“The Science DMZ is a portion of the network, built at or near the campus or laboratory's local network perimeter that is designed such that the equipment, configuration, and security policies are optimized for high-performance scientific applications rather than for general-purpose business systems or ‘enterprise’ computing.” – ESnet, creators of the Science DMZ network architecture
USD's Science DMZ Network was funded through NSF award 1440681 “CC*IIE Networking Infrastructure: Science DMZ for Campus Bridging and Computationally Assisted Research”, a $498,813 grant spanning two years. The project delivered new network cyberinfrastructure for research data at USD.
High-throughput Big Data movement
USD’s Science DMZ project extends the capabilities of the Globus data movement and management system to all USD researchers. Globus provides an easy-to-use graphical interface for moving data into and out of USD's Vermillion campus. USD's Globus system resides on an high-performance data server called a Data Transfer Node, also funded through the Science DMZ project.
Big Data needs to be moved both quickly and securely. USD's Science DMZ project funded an advanced Intrusion Detection and Prevention system that monitors USD network traffic, protecting both the Science DMZ and the rest of the campus network.
- perfsonar1.usd.edu in USD’s edge network
- perfsonar2.usd.edu in USD's Science DMZ network
- perfsonar3.usd.edu in USD's datacenter core network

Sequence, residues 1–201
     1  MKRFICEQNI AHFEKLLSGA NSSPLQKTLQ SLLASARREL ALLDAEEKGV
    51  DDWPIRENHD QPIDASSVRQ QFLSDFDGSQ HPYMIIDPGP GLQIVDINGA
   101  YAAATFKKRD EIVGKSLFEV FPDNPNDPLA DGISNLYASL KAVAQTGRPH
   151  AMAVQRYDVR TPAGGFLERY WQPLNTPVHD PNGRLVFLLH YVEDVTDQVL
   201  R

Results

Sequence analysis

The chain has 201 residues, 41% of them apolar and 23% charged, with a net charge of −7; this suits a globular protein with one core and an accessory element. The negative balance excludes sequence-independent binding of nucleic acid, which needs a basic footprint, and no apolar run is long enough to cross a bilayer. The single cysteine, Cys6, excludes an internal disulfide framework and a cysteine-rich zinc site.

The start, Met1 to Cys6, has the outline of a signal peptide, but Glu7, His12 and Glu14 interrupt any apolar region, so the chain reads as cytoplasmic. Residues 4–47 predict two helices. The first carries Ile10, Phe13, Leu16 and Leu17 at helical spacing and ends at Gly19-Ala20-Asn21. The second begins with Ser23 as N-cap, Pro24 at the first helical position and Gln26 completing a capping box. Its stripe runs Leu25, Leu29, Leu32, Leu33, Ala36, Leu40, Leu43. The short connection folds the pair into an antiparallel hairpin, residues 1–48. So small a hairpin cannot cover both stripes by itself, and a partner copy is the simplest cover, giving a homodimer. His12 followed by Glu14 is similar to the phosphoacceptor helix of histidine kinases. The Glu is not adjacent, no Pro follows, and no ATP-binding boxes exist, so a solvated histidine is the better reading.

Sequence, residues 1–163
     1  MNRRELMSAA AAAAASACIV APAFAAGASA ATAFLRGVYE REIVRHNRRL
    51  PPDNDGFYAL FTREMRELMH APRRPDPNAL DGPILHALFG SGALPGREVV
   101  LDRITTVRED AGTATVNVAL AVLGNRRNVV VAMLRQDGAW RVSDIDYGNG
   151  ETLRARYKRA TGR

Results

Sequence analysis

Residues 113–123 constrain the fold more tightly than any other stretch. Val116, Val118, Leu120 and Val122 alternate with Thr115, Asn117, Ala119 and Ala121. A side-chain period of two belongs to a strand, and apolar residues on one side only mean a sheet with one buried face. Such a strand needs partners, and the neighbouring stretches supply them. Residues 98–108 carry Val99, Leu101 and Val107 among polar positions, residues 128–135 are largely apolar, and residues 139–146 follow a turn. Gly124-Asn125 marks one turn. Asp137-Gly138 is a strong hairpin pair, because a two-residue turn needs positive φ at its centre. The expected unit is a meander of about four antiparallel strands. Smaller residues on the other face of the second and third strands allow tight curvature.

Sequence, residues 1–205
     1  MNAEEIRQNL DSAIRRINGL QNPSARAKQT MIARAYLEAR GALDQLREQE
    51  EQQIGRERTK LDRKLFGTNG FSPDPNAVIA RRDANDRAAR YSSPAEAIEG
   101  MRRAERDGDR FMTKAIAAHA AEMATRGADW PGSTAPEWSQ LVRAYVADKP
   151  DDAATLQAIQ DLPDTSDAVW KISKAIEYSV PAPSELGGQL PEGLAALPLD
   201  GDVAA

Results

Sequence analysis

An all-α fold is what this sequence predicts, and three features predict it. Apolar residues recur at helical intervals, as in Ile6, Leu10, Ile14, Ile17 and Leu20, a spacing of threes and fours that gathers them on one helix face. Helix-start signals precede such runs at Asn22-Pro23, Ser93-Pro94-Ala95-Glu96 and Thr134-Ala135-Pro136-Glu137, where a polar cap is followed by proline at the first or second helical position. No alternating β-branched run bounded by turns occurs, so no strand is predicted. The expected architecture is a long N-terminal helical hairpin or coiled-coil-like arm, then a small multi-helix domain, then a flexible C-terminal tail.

- perfsonar4.usd.edu in USD's campus core network
The Science DMZ supports scientific research across multiple disciplines at USD, including: particle physics, neuroscience, materials science, biomedical research, biology and renewable energy. Although diverse, these fields are bound by the common themes of cross-institutional collaboration, remote data access, and real time data analysis. USD scientists, for example, are investigating, the general properties of neutrinos and the nature of dark matter -- two of the most important pursuits in modern science. This data intensive effort, whose work involves state, federal and academic collaborators from around the world, requires a direct, high-speed path capable of hosting, sharing and analyzing large datasets to facilitate their work.
At the end of the project, a questionnaire was administered to faculty involved with this project. Responses show that data management needs and big data movement continue to grow and that access to onsite and offsite data is vital across disciplines (download the complete survey and results).
The following Before and After diagrams illustrate the new network architecture enabled by this project:
Before: 2014 Campus Network
After: Current Campus Network